Differentiate Yourself from the Advisor Down the Street

 

It’s easy to fall into the trap of becoming the McDonald’s of the financial advice business.

The right #Fintech can help you highlight your unique offering.

 

With the advent of client-facing advisor tech, client self-service has taken on a new dimension. Clients can login to see their investments, view updates to their financial plan, and provide additional investor profile data that their advisor may ask for in order to stay compliant with Best Interest Rules. Client-facing tech, and its ability to empower clients, is convenient, fast, and comes with the added benefit of increased efficiency for the advisor’s practice.

But what if all advisory firms offered the same client experience? What if they all used the same software, such as one of the popular financial planning tools, where clients are presented with the same set of predefined screens? What if all firms looked just like the advisor’s firm down the street?

Arguably, providing the same client experience across thousands of advisory firms can have some benefits. For one, we would assume that some research has gone into the software and that the online experience it offers has been found to be effective with clients. Second, having a uniform experience can also have a “members only” effect where clients of different firms compare their advisor’s tech and feel that their decision to choose their advisor is somewhat validated when they learn that their friends are receiving the same experience. After all, there is a reason that McDonald’s is so successful: you know exactly what you get (every McDonald’s has the same items), you know exactly what to expect (every McDonald’s offers the same experience), and you know that you’re not alone in your decision to eat there (validation).

So what are the dangers of being perceived as offering the same experience as every other advisory practice out there? In a word: commoditization.

If a client learns that he can have the exact same experience as his friend who uses ABC Advisory Firm, yet ABC charges 25% less, what is the glue that keeps your client stuck to your firm instead of moving to a lower-cost option? In a practice where the advisor simply plugs in a software solution that is being used by thousands of other firms, with little or no customization to make the experience unique to their clients, the stickiness is certainly not coming from that firm’s technology. In fact, that sameness may turn off some clients. They may feel as if the firm may not have any original ideas if all that it knows how to do is plug and play client-facing content that somebody else made and configured; somebody who doesn’t even understand the wants or needs of that advisor’s clients.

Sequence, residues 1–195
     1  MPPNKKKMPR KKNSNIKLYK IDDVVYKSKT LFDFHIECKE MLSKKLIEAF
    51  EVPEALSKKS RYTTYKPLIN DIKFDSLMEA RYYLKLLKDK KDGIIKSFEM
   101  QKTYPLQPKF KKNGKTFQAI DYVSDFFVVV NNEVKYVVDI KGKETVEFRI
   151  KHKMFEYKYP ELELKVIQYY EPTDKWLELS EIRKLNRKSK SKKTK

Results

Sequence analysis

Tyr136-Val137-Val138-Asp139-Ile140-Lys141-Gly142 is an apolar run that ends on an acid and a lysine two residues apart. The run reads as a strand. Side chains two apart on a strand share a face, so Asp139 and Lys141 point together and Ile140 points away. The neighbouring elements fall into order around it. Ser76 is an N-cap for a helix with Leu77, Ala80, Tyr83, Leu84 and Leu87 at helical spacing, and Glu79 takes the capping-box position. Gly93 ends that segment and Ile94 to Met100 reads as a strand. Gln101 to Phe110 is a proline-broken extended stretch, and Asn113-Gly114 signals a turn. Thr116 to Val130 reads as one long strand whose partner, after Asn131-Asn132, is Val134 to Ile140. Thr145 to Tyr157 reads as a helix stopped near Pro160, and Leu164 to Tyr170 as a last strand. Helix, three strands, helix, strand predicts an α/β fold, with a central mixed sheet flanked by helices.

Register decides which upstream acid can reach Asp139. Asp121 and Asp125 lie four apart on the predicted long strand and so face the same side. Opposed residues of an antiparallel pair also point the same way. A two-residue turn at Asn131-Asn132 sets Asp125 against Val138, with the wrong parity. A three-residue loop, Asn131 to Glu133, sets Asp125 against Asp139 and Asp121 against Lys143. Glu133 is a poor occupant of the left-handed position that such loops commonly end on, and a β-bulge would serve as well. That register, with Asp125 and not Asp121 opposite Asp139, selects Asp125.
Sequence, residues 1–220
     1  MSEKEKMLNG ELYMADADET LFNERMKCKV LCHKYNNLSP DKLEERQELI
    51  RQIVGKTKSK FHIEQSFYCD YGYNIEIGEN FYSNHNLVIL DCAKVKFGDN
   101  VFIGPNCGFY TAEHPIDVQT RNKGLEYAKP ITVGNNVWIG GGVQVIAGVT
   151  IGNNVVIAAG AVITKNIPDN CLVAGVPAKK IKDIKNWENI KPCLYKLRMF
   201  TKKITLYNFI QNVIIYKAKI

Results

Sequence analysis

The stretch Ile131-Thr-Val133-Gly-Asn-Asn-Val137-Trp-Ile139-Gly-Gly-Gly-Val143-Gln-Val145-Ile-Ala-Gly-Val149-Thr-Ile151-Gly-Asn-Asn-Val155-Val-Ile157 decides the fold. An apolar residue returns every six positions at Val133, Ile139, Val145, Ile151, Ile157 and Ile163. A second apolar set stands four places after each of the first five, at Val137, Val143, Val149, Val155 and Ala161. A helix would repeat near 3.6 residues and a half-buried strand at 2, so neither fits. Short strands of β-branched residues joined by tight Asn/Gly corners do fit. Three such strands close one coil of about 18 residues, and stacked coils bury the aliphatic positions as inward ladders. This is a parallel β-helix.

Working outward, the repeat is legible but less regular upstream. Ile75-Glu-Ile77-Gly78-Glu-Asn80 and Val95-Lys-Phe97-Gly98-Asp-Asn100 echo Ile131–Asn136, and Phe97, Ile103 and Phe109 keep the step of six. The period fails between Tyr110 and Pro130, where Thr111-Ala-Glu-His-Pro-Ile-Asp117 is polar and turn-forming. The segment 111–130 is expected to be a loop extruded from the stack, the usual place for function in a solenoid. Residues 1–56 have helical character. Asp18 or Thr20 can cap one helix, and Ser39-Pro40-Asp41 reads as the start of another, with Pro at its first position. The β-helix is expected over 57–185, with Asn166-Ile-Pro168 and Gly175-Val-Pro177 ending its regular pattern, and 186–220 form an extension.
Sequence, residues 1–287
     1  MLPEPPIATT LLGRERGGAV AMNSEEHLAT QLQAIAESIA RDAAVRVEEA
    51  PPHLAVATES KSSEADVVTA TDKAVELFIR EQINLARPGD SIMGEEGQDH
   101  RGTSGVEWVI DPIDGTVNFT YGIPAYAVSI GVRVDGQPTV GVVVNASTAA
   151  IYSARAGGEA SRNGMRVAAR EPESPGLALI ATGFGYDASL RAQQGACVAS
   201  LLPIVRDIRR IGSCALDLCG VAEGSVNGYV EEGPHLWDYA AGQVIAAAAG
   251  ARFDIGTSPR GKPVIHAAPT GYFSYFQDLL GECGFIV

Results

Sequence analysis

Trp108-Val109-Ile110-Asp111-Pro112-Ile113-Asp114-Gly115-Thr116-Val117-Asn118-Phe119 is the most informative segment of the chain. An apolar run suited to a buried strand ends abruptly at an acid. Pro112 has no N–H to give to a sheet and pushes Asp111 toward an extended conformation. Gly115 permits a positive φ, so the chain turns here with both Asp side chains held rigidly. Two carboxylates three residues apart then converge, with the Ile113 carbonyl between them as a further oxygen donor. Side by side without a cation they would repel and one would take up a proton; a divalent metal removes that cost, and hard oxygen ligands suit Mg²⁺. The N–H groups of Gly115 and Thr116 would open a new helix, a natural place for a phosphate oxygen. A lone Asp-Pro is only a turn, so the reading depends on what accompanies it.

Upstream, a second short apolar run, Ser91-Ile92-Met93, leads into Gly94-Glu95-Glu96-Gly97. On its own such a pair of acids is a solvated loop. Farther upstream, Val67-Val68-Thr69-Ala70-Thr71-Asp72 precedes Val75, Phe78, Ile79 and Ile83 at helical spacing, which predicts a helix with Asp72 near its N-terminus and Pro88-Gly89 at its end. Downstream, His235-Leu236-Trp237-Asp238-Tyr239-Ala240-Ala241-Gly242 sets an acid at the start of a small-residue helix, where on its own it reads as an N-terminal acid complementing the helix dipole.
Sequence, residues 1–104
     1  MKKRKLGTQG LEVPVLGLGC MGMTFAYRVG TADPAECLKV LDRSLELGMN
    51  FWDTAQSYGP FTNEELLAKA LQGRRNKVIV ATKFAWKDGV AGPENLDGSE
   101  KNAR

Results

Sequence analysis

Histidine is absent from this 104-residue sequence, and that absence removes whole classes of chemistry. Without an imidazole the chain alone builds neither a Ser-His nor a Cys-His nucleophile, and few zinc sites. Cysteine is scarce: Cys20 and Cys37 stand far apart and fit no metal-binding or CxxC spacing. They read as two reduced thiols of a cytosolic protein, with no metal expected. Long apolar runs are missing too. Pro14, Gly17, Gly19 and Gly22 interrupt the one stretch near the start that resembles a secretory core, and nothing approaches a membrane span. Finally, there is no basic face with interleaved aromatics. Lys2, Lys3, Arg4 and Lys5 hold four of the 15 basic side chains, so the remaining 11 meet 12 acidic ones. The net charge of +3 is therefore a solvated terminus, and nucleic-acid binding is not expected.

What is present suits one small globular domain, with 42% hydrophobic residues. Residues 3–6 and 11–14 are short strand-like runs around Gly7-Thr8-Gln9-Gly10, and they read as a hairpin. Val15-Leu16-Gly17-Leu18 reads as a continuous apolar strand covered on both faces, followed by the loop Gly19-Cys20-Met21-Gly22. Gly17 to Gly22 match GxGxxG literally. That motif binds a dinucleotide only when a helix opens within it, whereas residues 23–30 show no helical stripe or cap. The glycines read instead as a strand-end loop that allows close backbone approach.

Client-facing technology that provides a different experience from the firm down the street acts like glue holding your clients to your firm. Instead of offering what appears to be a commoditized experience, such tech offers clients a unique experience that shows off your areas of expertise and addresses the wants and needs of your clients. After all, you wouldn’t copy another advisory firm’s website, would you? So why would you copy the experience already offered by thousands of other firms across the country? How does that show your unique offering? Where’s the glue that keeps your clients from moving to the advisor down the street?

Our clients interact more and more with our tech and less and less with us. It has to be that way. Not only for advisors to be more efficient (and therefore more competitive), but to meet the demands of our clients. The reality is that our clients have become accustomed to the Amazon.com experience. Telling clients to put pen to paper in order to provide an update to their investor profile is so far away from that experience that it’s not even funny. On the other hand, creating a custom template that addresses the unique needs of your client and that comes pre-filled so that your client has less work to do (work that, by the way should be able to be done on any device at any time) is more like that Amazon one-click experience that your customers have come to expect.

Our clients want convenience and ease-of-use. And if you don’t give it to them, they will find an advisor that will. But that convenience and ease-of-use shouldn’t come at the cost of commoditizing your offering. Your client-facing tech needs to be highly configurable and customizable to bring out the uniqueness of your firm. Instead of being the end product, your tech needs to allow you to change the experience to suit your firm and the needs of your clients. By choosing tech that allows you to differentiate yourself, you will be creating a unique offering that clients will not only appreciate, but will be able to brag about to friends and family as they describe what makes you different from the advisor down the street. And that’s the kind of excitement that you want your tech to generate.